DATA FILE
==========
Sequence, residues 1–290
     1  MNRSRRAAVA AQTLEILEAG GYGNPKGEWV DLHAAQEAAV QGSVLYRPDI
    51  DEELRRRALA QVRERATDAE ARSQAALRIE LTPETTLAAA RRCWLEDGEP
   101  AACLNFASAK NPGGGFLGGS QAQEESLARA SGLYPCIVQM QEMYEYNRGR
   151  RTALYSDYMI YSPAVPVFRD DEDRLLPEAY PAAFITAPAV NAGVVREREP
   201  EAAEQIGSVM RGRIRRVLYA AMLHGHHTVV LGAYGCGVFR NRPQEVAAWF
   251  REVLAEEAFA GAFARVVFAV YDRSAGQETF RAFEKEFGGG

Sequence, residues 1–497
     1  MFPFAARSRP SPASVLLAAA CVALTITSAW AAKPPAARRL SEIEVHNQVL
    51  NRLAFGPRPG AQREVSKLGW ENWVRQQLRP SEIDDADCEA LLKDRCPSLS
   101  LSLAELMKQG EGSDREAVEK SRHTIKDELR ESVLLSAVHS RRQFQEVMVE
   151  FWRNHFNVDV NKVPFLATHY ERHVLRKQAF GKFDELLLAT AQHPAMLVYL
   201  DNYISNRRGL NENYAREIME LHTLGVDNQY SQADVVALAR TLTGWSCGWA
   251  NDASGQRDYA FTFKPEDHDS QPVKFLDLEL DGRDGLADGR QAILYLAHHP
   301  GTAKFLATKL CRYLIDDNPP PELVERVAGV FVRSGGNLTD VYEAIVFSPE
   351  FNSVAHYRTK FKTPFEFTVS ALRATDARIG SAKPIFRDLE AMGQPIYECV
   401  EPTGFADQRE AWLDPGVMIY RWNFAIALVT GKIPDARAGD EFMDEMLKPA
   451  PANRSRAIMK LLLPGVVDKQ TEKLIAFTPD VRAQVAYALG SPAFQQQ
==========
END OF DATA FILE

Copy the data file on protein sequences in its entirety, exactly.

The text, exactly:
Sequence, residues 1–290
     1  MNRSRRAAVA AQTLEILEAG GYGNPKGEWV DLHAAQEAAV QGSVLYRPDI
    51  DEELRRRALA QVRERATDAE ARSQAALRIE LTPETTLAAA RRCWLEDGEP
   101  AACLNFASAK NPGGGFLGGS QAQEESLARA SGLYPCIVQM QEMYEYNRGR
   151  RTALYSDYMI YSPAVPVFRD DEDRLLPEAY PAAFITAPAV NAGVVREREP
   201  EAAEQIGSVM RGRIRRVLYA AMLHGHHTVV LGAYGCGVFR NRPQEVAAWF
   251  REVLAEEAFA GAFARVVFAV YDRSAGQETF RAFEKEFGGG

Sequence, residues 1–497
     1  MFPFAARSRP SPASVLLAAA CVALTITSAW AAKPPAARRL SEIEVHNQVL
    51  NRLAFGPRPG AQREVSKLGW ENWVRQQLRP SEIDDADCEA LLKDRCPSLS
   101  LSLAELMKQG EGSDREAVEK SRHTIKDELR ESVLLSAVHS RRQFQEVMVE
   151  FWRNHFNVDV NKVPFLATHY ERHVLRKQAF GKFDELLLAT AQHPAMLVYL
   201  DNYISNRRGL NENYAREIME LHTLGVDNQY SQADVVALAR TLTGWSCGWA
   251  NDASGQRDYA FTFKPEDHDS QPVKFLDLEL DGRDGLADGR QAILYLAHHP
   301  GTAKFLATKL CRYLIDDNPP PELVERVAGV FVRSGGNLTD VYEAIVFSPE
   351  FNSVAHYRTK FKTPFEFTVS ALRATDARIG SAKPIFRDLE AMGQPIYECV
   401  EPTGFADQRE AWLDPGVMIY RWNFAIALVT GKIPDARAGD EFMDEMLKPA
   451  PANRSRAIMK LLLPGVVDKQ TEKLIAFTPD VRAQVAYALG SPAFQQQ